DVD Review: NEVERWHERE – The 15th Anniversary edition

BBC America
Release date: November 15, 2011
MSRP: $19.98

Richard Mayhew is a man with a comfortable home, a comfortable job and a life that is…well, comfortable. While traveling with his fiancee Jessica, Richard stumbles across an injured young lady. Jesssica is focused on getting to dinner, but Richard feels compelled to assist the lady. And by doing so, he forever changes his life.

The lady, Door, is part of London Below. A realm inhabited by those that have fallen out of polite society. That homeless man pushing his shopping cart? He may well be a vendor in LB. But after helping Door, Richard finds himself invisible and forgotten by those in his regular life. By helping Door, he has become a part of LB.

The citizens of London Below are all but invisible to London Above. And if they do make the effort to be noticed, thier presence is quickly forgotten.

Richard initially wants nothing more than to find his way back to his old life. He seeks out Door and accompanies her on a mission to bring peace and order to LB. But the more time he spends below, the less important his old life seems. Ultimately, Richard must make a choice as to which world he wants to be a part of.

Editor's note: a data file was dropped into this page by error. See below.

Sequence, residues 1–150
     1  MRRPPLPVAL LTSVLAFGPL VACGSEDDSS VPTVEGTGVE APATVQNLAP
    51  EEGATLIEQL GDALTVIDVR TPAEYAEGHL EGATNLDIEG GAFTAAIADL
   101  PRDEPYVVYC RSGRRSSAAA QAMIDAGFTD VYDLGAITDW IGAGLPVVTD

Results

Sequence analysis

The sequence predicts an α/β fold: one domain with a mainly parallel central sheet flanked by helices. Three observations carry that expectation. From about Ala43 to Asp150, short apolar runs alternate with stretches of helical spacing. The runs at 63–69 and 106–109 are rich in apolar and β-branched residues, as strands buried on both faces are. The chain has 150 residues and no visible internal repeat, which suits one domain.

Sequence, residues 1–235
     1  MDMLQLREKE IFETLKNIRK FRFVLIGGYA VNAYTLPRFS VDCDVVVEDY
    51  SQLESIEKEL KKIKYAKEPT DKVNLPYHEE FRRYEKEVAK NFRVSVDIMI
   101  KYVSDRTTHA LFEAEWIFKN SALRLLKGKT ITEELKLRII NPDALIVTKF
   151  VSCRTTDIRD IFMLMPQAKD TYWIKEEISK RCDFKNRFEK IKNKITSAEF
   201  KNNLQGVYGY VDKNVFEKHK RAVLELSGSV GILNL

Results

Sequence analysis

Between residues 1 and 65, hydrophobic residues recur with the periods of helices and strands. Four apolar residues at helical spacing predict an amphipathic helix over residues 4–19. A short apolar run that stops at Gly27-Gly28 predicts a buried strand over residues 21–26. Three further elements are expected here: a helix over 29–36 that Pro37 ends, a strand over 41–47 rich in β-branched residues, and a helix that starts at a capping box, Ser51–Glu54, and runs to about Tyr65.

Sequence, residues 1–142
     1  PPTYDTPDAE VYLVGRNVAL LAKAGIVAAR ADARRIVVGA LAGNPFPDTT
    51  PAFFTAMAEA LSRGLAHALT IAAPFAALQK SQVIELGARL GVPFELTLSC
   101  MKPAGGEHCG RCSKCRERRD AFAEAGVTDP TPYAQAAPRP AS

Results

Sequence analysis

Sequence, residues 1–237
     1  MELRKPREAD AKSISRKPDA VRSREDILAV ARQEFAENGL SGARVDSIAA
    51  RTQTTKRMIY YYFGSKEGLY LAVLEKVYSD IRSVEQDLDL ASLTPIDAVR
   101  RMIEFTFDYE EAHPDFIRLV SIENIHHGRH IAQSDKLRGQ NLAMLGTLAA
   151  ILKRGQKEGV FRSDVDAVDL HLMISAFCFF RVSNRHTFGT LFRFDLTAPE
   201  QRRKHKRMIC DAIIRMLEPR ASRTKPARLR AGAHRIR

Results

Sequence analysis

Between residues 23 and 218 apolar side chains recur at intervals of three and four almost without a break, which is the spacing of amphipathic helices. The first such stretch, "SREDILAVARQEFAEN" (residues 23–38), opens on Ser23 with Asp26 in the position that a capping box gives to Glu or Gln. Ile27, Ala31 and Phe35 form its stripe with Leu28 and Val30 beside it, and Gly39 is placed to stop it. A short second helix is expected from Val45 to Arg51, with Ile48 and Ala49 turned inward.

The one major problem with Neverwhere is the production. While most
Americans have come to expect a certain level of cheesiness from older BBC
shows (Dr Who anyone?), Neverwhere looks to have been made on a budget that
would make cable access programmers cry. In the extras, Gaimen expresses his
unhappiness with the stinginess of the BBC. But once you get past that, the
rest of the show really shines.

Extras:
From the original release, we get the Gaiman commentary track. Gaiman talks about the creation of the project and is quite open about it’s budget issues and his frustration with the financial limits they were given.

 Also here is an interview with Gaiman that has been done up like the episode intros from NEVERWHERE. I am sure it seems fun where they put it together, but the look and style is more than a bit distracting.

New features include an  introduction by Gaiman, Lenny Henry,
and producer Clive Brill that talks about the creation of NEVERWHERE. Those three are also featured on a new commentary track. Also included is a fun map of LONDON BELOW.

Once you get past the budget, NEVERWHERE is a fun tale that has stood the test of time. Fans of the series will enjoy the new features and those that have not seen it should do so.
Jeremy Lynch